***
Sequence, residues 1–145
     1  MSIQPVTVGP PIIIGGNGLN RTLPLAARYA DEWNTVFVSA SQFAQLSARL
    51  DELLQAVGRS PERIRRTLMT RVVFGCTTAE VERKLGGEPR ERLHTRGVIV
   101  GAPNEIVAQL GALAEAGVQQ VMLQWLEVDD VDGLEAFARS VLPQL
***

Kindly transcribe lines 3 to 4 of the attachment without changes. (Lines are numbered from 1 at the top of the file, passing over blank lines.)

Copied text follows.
    51  DELLQAVGRS PERIRRTLMT RVVFGCTTAE VERKLGGEPR ERLHTRGVIV
   101  GAPNEIVAQL GALAEAGVQQ VMLQWLEVDD VDGLEAFARS VLPQL